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[Page 53]

fifty you do not look forward with such indifference to the prospect of having your ship suddenly blown up and yourself forced to take a c cold bath at any hour of the night or day.
Events now developed fast. At eight o'clock on the morning of May 25th I was down below on the Swiftsure when l suddenly heard two fourteen pounders fired in rapid succession and the sound of men running to their stations. On going on deck I found the alarm had been caused by the periscope of a submarine which had appeared on our port bow only three houndred yards away. Our alert gunners did not loose a second but fired at her and she disappeared below the surface. Why she did not discharge a torpedo remains a mystery as she had our ship as a target only three houndred yards off and also the Majestic and Agememnon quite close. It is thought she was trying to make the entrance to the Dardanelles and came up blind amonsgt the ships and was scared by our guns and the small craft trawlers and destroyers all around before she could lay on any target. But we all knew we had escaped disastee by a hairsbreadth. Of course the alarm was immediately given and our destroyers were off after her like a flash.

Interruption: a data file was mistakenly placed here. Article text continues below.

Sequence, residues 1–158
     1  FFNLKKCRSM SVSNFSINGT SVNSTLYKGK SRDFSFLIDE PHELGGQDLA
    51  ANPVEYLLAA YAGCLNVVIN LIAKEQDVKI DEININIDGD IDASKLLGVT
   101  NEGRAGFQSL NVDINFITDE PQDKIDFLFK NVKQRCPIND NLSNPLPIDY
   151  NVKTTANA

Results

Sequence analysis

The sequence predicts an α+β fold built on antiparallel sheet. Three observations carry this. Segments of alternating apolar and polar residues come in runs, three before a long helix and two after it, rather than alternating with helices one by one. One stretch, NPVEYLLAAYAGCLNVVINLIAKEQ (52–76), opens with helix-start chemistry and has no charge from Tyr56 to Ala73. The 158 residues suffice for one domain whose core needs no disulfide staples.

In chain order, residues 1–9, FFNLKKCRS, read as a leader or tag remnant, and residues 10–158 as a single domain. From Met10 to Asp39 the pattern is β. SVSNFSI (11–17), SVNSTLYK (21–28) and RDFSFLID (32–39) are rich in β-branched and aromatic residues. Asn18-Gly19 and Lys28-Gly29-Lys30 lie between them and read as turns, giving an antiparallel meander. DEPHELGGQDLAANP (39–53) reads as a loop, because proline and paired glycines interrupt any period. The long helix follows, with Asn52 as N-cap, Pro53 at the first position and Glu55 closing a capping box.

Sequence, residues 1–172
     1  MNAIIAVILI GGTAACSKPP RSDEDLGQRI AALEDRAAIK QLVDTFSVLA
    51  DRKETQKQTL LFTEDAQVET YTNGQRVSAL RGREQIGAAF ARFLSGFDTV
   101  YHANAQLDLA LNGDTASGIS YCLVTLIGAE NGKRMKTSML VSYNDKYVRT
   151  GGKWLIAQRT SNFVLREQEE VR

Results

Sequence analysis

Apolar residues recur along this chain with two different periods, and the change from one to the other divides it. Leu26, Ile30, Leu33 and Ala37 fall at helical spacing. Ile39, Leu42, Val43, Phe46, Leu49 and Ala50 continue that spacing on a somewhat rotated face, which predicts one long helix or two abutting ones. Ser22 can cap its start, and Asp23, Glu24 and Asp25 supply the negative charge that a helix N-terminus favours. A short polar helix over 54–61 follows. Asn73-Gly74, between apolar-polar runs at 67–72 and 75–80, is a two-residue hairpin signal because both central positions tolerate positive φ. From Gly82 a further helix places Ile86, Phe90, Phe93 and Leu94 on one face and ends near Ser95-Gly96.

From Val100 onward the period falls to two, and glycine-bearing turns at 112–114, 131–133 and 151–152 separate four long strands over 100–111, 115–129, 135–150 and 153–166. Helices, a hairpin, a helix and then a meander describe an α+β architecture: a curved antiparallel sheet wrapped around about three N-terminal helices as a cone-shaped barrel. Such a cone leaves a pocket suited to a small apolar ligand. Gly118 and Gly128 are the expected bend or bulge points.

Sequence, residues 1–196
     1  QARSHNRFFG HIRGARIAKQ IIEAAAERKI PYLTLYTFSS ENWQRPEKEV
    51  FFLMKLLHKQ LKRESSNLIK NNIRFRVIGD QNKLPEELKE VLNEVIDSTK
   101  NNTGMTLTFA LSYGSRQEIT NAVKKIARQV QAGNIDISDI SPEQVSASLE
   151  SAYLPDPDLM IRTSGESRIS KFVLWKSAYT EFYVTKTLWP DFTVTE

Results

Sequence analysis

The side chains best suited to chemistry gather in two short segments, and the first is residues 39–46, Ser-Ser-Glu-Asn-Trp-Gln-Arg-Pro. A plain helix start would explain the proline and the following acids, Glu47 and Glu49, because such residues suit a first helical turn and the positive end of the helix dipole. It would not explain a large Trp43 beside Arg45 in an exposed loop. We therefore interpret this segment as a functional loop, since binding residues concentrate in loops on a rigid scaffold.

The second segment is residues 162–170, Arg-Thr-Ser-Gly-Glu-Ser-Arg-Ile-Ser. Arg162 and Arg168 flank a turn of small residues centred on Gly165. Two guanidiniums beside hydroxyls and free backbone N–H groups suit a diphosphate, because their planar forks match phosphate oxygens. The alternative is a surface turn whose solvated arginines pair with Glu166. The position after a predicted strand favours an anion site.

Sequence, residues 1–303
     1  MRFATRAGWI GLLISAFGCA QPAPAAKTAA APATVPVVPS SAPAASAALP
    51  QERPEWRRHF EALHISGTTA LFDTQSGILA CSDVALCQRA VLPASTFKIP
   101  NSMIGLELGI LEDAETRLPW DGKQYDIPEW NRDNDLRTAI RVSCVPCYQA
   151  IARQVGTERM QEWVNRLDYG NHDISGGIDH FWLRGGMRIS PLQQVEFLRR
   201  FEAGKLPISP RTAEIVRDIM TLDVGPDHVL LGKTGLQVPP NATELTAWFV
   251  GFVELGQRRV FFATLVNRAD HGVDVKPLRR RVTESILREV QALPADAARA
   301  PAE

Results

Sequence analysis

A little later she was reported to be making towards Gaba Tepe. At ten thirty am the battleship Vengenace which was crusing up and down in that direction reported she had been fired at but missed - another most lucky escape. There were also remours of another submarine having been reported off Rabbit Island so it seemed there were two in the immediate neighbourhood.
I had occasion to go on shore that morning and did not return until lunch time.

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